Session Type: Poster Session (Monday)
Session Time: 9:00AM-11:00AM
Background/Purpose: Childhood-onset SLE (cSLE) is an autoimmune disease characterized by multiorgan involvement often necessitating a variety of immunolytic and immunomodulatory therapies to achieve adequate disease control and remission. One of these agents, in which effectiveness and safety has been well defined, is Rituximab, a chimeric monoclonal antibody that binds to CD20 expressed on B lymphocytes initiating B cell lysis and subsequent depletion of antibody burden. An uncommon adverse reaction is serum sickness (SS), an immune complex-mediated (“type III”) hypersensitivity characterized as a triad of rash, fever and polyarthritis/arthralgias. Though not commonly documented, rituximab-induced SS has been noted in patients with underlying autoimmune diseases, and reported disorders including Sjogren’s syndrome, chronic ITP, and rheumatoid arthritis.
Methods: With a local IRB approval, a retrospective review of the electronic health records of patients with cSLE from July 2011 to May 2019 was performed. Patients who developed SS following Rituximab treatment were included. Descriptive analyses were done to ascertain similarities amongst the patients, possible risk factors for the development of SS, response to treatment and use of other anti-CD20 medication use.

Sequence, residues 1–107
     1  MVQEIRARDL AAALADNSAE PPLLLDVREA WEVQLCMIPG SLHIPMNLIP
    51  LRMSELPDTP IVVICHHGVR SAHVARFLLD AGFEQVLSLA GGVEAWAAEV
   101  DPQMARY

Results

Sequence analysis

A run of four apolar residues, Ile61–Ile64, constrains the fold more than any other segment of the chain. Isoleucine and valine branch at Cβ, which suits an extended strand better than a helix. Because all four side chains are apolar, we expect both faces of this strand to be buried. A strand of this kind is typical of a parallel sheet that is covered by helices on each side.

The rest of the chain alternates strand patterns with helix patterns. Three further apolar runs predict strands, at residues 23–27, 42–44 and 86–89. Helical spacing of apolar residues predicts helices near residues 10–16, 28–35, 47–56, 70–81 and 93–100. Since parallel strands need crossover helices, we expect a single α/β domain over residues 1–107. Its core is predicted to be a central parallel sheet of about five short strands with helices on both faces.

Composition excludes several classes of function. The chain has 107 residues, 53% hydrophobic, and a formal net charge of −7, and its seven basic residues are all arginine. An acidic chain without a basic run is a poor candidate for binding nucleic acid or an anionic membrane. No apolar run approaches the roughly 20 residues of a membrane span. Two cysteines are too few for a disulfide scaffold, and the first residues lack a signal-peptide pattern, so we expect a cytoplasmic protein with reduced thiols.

Results: At the time of this study, there were 210 cSLE patients being actively followed, 20 patients had received Rituximab as part of treatment. 6 patients developed SS after Rituximab treatment, 1 was excluded due to incomplete record. Of the 5 patients, 4 were female. The mean age of patients was 16.6 years old. All 5 were Hispanic. Mean disease duration was 3.8 years (Range: 2 to 6 years). Mean SLEDAI score at time of Rituximab treatment was 6.6 (Range: 4 to 11); 2 patients had polyclonal hypergammaglobulinemia and cSLE treatment included steroids (4/5), MMF (2/5), hydroxychloroquine (5/5). 3 patients had history of prior rituximab treatment with a mean dose of 858 mg/dose (575mg/dose to 1000 mg/dose) and mean interval from previous to most recent dose of 17.3 months. Mean time for drug exposure to SS manifestation was 9.8 days (Range: 7-13 days). Manifestations of SS included fever (4/5), acute polyarthritis (4/5), and rash (5/5). Anti-rituximab antibody was not determined at time of SS diagnosis. All patients required increased dose of glucocorticoids. 2 required hospitalization. 2 patients received and tolerated alternative B-cell depletion (ofatumumab).
Conclusion: We described a small cohort of cSLE who developed SS following rituximab treatment. It is important to recognize this adverse reaction as SS manifestations mimic that of active SLE features.
To cite this abstract in AMA style:Awa U, De Guzman M, Muscal E. Serum Sickness Following Rituximab Treatment of Childhood-Onset SLE: A Single Center Experience [abstract]. Arthritis Rheumatol. 2019; 71 (suppl 10). https://acrabstracts.org/abstract/serum-sickness-following-rituximab-treatment-of-childhood-onset-sle-a-single-center-experience/. Accessed May 30, 2020.
« Back to 2019 ACR/ARP Annual Meeting
ACR Meeting Abstracts - https://acrabstracts.org/abstract/serum-sickness-following-rituximab-treatment-of-childhood-onset-sle-a-single-center-experience/